Sunday, June 10, 2012

The New Bronze Age

"I sometimes think that gastronomes are returning to bronze age practices.  The Apollonians had no gastronomic pretensions; nevertheless, after work in the summer, they repaired with a loaf of bread and a flask of wine to a little promontory of rock frequented by sea urchins (Paracentrotus livdus).  Picking them off the rocks underwater, they bashed in their prickle-covered shells with knife or stone, emptied them, then dipped some bread into the shell to extract their succulent orange ovaries to the accompaniment of jokes and laughter."

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Note:  Pretty brutal, I think, but honest and original, like everything in Honey From A Weed.  I came to love eating sea urchin a long time ago as part of a sushi menu, and at one point even tried (pretty fecklessly) to deal with them at home using the French device called a coupe-oursins, which purports to sheer off the shell-top, but doesn’t work perfectly, at least in my hands.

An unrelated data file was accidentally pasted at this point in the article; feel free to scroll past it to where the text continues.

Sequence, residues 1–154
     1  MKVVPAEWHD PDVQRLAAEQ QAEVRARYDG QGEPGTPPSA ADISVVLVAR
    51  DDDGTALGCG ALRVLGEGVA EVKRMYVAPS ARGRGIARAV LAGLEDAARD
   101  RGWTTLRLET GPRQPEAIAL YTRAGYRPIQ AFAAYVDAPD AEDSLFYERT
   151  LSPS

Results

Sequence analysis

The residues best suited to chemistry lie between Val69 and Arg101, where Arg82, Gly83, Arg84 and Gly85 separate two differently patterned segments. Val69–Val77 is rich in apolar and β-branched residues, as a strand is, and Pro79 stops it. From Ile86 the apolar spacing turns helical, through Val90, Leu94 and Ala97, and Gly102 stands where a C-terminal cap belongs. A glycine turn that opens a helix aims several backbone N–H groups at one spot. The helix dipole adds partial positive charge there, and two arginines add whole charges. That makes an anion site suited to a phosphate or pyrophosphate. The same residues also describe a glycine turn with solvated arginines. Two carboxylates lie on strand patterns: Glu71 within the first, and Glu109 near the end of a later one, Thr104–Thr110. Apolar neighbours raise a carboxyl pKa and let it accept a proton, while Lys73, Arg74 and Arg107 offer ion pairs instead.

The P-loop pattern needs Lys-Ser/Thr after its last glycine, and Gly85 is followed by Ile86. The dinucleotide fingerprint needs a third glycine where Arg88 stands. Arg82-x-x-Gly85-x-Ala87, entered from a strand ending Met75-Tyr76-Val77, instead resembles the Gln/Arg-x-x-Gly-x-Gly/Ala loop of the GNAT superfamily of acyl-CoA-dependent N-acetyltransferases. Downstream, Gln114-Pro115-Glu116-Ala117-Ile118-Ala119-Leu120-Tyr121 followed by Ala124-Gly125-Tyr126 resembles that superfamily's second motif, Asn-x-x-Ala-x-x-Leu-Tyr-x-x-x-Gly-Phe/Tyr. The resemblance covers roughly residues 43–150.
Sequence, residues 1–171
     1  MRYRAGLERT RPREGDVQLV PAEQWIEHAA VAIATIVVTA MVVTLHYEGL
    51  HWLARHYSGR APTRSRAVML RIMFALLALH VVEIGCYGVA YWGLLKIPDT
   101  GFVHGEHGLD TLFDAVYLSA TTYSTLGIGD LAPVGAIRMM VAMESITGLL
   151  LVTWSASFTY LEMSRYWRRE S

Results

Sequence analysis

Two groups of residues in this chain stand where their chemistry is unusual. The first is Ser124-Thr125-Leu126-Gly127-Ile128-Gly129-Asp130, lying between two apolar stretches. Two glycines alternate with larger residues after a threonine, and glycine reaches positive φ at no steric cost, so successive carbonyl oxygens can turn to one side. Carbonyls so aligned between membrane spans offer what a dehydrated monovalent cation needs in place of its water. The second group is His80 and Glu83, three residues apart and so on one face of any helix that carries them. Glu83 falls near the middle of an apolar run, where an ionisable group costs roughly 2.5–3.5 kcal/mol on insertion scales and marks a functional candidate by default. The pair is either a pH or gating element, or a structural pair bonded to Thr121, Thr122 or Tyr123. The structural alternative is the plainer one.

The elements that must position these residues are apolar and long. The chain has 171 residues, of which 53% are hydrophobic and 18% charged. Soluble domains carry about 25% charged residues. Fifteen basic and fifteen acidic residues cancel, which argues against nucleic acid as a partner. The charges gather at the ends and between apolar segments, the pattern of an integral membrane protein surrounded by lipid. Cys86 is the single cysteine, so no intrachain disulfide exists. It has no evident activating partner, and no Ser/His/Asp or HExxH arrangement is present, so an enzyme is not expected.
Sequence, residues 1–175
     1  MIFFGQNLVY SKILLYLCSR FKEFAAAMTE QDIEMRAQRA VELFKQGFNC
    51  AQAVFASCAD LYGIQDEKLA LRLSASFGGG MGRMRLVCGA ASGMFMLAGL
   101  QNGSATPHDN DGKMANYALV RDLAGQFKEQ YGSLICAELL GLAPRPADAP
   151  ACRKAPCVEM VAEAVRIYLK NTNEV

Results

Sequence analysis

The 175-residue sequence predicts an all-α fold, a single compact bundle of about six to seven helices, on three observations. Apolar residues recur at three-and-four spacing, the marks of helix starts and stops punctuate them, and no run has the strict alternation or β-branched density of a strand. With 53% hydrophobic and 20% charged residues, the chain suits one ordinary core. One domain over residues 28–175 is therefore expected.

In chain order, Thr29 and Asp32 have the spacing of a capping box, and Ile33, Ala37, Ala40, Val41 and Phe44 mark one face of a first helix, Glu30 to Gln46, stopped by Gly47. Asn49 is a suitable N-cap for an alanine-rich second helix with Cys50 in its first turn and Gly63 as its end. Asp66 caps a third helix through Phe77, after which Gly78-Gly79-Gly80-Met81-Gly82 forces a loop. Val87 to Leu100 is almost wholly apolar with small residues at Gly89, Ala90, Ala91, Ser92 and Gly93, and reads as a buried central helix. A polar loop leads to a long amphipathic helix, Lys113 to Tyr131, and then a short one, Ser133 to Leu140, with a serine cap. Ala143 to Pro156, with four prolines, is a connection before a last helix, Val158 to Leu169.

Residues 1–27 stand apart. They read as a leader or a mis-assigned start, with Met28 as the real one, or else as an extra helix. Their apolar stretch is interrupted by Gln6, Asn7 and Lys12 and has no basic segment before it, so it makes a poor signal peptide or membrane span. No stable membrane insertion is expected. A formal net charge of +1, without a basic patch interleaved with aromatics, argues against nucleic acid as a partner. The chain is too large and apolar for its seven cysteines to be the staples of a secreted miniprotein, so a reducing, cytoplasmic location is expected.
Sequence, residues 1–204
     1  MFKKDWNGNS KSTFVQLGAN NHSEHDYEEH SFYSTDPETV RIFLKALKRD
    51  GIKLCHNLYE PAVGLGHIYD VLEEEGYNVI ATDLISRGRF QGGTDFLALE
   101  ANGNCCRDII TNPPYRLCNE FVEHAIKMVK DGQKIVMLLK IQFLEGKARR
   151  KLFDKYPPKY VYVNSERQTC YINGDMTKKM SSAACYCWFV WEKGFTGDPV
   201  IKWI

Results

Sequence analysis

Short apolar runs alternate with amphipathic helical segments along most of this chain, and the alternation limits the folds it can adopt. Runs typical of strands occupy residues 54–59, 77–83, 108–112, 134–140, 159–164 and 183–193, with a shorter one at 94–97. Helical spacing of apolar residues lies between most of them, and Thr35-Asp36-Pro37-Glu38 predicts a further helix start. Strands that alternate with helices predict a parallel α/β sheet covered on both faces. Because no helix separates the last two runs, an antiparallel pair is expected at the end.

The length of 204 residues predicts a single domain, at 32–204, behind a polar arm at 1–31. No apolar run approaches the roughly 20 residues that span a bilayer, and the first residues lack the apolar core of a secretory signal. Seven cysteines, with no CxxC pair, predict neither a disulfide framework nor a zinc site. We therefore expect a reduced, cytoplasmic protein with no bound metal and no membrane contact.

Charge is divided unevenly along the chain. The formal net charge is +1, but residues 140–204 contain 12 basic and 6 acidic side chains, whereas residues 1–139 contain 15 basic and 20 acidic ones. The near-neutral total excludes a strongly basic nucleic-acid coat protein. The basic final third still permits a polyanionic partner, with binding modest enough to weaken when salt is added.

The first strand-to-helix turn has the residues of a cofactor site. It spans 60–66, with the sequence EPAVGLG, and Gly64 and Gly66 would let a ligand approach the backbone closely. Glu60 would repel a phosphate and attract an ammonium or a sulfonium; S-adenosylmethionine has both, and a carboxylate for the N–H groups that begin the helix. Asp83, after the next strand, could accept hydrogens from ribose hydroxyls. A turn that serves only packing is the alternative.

I was surprised several years ago to read that the Japanese now purchase most of their uni from Maine fishermen because Americans haven’t discovered or don’t greatly care for the taste and texture of sea urchin.  Anyway, although sea urchin isn’t a caviar-league expense, I haven’t indulged in quite some time because it is certainly a luxury that seems out of place at the moment.  

As with most non-vegetable foods (and especially ones like oysters, which are consumed alive), I feel guilty for ever having eaten sea urchin, although I hope the uni world population will forgive me on Judgement Day and consider that they’ve gotten theirs back based on two painful episodes where I had to dig their poisonous spines out of my heel.  Even on a beautiful Sint Maarten beach, that was no picnic. 

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